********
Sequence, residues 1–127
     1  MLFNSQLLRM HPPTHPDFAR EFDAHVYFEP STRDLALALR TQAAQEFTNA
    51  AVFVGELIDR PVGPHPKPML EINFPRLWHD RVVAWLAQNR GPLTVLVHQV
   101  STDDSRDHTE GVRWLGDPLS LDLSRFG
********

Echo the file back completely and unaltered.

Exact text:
Sequence, residues 1–127
     1  MLFNSQLLRM HPPTHPDFAR EFDAHVYFEP STRDLALALR TQAAQEFTNA
    51  AVFVGELIDR PVGPHPKPML EINFPRLWHD RVVAWLAQNR GPLTVLVHQV
   101  STDDSRDHTE GVRWLGDPLS LDLSRFG